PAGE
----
Adds Morparia: ‘Much of laughter springs out of a sudden realisation, making it a portal to the truth. When you actively laugh at yourself and life, you are reiterating your frailty and insignificance, but instead of getting you down, you revel in it.’
Morparia sees humour as the link that reconciles our mortality with spiritual aspirations: ‘Great reconciliation is required between our ordinary selves with bowel movements and body odour, and the perfection we struggle for. Humour helps you not to take yourself too seriously, to see things in the proper perspective and to transcend limitations. I would say most enlightened people would have a sense of humour.’
Morparia‘s observation certainly holds true for many of our modern sages.
Swami Dayanand Saraswati, founder of the Arsha Vidya Peeth and Acharya Ram Mohan‘s guru, is a great wit.
‘He keeps us roaring with laughter,’ says the latter.
Sri Sri Ravishankar‘s graceful quips have his adoring disciples rolling with laughter. And Osho, of course, literally made the joke his signature tune.
Describing the philosophy of humour, he once said: ‘The purpose of the joke is not the joke. The purpose is the laughter that follows, because in that laughter your thinking stops. In that laughter, you are no more mind. And after that laughter, just a very small gap… and I can reach to the deepest core of your being.’
Humour can disarm us, making us temporarily lay down the shields and defences we erect to keep the world at bay, making ourselves vulnerable to the guru‘s truth arrow.
I have rarely seen laughter used more benevolently than by the Dalai Lama. Many years ago, I had gone to interview him at his headquarters in Dharamsala. In the course of the interview, I was shown a videotape of one of His Holiness‘s visits to the US.
The tape showed the audience, blank-faced men and women, sitting in urban isolation. As the Dalai Lama lumbered onto the stage, his entire countenance chortling with joy, the blank faces, like an icy sea cracking open at the infusion of warmth, began to register curiosity, then surprise, then tentative smiles and finally surrender to uproarious laughter.
Even before His Holiness had said one word, the entire audience had been won over!
Humour and spirituality are linked at the highest level as well.
Says Ram Mohan: ‘This whole corporeal world, the maya that we think is the truth, can be seen as a joke God is pulling on us. Vedanta teaches us how to call the bluff.’
The world as a joke, as God‘s lila, is a traditional Indian perspective. If life is a cosmic joke, then it indicates that the dead seriousness with which we approach it is uncalled for. It asks us to lighten up, to laugh a little, to essay our roles with grace and purpose, but without attachment. It tells us that the truth we seek is elsewhere. Humour then becomes the divine signpost showing us the way.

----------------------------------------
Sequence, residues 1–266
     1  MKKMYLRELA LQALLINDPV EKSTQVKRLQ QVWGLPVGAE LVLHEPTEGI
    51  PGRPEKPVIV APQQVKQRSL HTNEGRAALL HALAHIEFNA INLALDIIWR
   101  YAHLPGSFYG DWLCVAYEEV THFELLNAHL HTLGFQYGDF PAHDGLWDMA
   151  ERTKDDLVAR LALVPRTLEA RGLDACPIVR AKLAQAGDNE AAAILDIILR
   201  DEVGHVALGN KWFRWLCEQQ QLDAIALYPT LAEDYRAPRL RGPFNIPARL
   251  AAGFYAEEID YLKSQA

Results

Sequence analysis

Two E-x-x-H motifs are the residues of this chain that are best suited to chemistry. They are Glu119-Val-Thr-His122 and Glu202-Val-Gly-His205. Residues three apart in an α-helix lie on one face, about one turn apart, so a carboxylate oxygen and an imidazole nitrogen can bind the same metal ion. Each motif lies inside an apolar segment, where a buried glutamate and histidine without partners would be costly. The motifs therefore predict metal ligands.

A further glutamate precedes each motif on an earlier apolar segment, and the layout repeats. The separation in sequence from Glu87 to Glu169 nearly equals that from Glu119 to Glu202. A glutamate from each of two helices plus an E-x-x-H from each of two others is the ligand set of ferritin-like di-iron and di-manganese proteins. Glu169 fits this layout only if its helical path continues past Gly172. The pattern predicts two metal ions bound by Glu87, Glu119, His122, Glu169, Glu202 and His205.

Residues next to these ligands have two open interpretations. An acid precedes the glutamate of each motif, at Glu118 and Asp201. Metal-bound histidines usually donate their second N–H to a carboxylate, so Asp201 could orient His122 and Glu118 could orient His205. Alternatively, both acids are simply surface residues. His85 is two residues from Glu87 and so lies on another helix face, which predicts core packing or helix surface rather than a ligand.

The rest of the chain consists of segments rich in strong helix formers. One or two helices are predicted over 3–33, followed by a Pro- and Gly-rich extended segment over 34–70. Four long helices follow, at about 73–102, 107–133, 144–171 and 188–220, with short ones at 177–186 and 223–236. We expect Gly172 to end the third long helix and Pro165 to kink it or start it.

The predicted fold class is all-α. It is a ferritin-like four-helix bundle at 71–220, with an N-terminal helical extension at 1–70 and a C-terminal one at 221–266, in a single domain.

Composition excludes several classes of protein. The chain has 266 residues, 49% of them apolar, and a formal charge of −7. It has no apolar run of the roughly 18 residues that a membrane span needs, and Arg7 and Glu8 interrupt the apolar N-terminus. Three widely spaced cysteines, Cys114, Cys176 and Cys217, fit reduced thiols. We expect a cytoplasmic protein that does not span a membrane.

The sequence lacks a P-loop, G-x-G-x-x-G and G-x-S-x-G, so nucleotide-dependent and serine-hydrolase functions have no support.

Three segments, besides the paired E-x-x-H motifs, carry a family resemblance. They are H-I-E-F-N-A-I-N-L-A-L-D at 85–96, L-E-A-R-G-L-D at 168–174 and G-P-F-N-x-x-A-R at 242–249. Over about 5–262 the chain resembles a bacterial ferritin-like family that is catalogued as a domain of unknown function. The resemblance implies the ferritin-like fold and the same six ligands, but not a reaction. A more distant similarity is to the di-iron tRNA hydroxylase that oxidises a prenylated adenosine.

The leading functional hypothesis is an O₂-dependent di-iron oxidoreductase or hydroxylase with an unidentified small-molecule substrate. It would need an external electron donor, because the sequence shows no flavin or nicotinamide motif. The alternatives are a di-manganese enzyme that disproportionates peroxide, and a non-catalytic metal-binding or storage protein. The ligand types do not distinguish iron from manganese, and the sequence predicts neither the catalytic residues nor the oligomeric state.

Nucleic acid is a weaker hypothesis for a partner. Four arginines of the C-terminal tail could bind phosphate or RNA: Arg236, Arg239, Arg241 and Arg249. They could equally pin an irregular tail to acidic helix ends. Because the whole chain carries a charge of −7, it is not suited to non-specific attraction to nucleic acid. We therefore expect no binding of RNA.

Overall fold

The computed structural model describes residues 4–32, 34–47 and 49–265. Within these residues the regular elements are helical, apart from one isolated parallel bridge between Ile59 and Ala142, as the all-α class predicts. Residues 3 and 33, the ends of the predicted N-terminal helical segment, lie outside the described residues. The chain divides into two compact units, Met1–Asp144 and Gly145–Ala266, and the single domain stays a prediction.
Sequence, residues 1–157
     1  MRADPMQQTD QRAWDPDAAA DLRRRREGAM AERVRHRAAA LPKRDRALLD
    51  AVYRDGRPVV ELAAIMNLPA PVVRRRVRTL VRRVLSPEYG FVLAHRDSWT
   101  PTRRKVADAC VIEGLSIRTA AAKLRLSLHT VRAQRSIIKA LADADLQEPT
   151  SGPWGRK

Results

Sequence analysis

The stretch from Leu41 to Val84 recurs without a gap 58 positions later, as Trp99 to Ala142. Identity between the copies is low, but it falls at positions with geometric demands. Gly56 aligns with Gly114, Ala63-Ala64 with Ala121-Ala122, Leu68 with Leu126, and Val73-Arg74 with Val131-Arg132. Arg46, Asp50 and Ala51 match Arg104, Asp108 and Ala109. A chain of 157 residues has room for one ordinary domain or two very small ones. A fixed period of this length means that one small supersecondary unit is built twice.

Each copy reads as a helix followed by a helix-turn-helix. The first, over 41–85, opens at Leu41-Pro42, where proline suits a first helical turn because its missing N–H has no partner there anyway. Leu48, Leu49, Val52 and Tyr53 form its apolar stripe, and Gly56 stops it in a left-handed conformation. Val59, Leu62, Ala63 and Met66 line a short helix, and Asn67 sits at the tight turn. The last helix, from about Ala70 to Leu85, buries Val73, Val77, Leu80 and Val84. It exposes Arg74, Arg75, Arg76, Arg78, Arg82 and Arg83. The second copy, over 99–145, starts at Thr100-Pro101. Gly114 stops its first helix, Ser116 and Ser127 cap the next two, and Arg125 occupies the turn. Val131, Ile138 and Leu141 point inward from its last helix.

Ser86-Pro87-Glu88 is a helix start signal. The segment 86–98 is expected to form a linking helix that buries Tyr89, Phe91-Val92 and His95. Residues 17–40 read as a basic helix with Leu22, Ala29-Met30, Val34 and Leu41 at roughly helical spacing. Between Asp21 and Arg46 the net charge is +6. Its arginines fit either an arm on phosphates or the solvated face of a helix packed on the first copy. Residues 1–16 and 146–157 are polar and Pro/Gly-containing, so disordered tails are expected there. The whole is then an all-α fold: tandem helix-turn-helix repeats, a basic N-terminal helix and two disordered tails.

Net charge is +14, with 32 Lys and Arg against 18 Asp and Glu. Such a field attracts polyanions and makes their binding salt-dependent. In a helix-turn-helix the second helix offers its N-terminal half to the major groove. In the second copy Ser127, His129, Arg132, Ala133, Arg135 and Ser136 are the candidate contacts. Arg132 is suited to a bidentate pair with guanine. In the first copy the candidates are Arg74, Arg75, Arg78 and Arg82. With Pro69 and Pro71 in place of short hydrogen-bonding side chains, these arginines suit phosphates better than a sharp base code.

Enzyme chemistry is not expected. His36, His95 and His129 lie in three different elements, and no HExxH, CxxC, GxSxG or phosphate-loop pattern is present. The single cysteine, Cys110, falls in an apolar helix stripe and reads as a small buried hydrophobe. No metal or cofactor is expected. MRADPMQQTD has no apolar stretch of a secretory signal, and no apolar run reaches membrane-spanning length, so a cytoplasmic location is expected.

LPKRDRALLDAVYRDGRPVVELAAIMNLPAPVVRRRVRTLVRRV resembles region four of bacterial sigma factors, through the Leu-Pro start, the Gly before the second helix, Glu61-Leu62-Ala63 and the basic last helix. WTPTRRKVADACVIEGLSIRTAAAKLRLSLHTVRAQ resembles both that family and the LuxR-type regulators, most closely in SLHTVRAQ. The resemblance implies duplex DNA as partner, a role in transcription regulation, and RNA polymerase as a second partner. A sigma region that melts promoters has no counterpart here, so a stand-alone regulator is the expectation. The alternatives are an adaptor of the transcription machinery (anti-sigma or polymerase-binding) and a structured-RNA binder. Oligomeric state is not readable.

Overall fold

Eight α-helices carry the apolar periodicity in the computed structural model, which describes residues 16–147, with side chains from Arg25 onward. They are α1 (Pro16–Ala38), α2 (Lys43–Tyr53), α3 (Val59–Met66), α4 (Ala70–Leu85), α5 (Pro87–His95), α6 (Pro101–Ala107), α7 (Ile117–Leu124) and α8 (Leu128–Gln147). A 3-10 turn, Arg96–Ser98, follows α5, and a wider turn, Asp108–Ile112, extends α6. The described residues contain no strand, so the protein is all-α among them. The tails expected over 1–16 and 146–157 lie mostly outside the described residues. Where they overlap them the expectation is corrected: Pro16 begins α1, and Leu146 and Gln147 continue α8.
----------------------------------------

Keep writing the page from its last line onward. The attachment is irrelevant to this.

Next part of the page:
The Anatomy of Humour
But what exactly is humour? Koestler offers a learned explanation when he says that humour happens when a situation, or an idea, is perceived in two self-consistent but habitually incompatible forms of reference.
Consider this joke:
A dashing but penniless Austrian officer was wooing a courtesan, who replied coyly that her heart was no longer free. ‘Madame,’ said the officer, ‘I never aimed as high as that.’
The joke comes when the officer reinterprets the word ‘heart‘ geographically. But of course, as Koestler points out, the joke dies when explained. The idea is to imply the humour and much of the fun is in getting it.
According to Koestler, humour happens by a ‘kind of ‘thinking aside‘, a shift of attention to some feature of the situation, or an aspect of the problem, which was previously ignored, or only present on the fringes of awareness-often depending on unconscious processes’.
This ability to think laterally not only develops our humour but also our creativity, and finally, our spirituality. Koestler also considers all humour to be a version of aggression, a putting down of the other, even if good-humouredly.
Siegel, however, finds, a difference between satire and humour.
He says: ‘Satire negates, laughs a nasty ‘no‘ in the face of all promises and ideals. Humour affirms, laughs its exuberant ‘yes‘ in the face of all that is dark and miserable… There is a poignancy in humour, wholly absent in satire. It arouses sympathy.’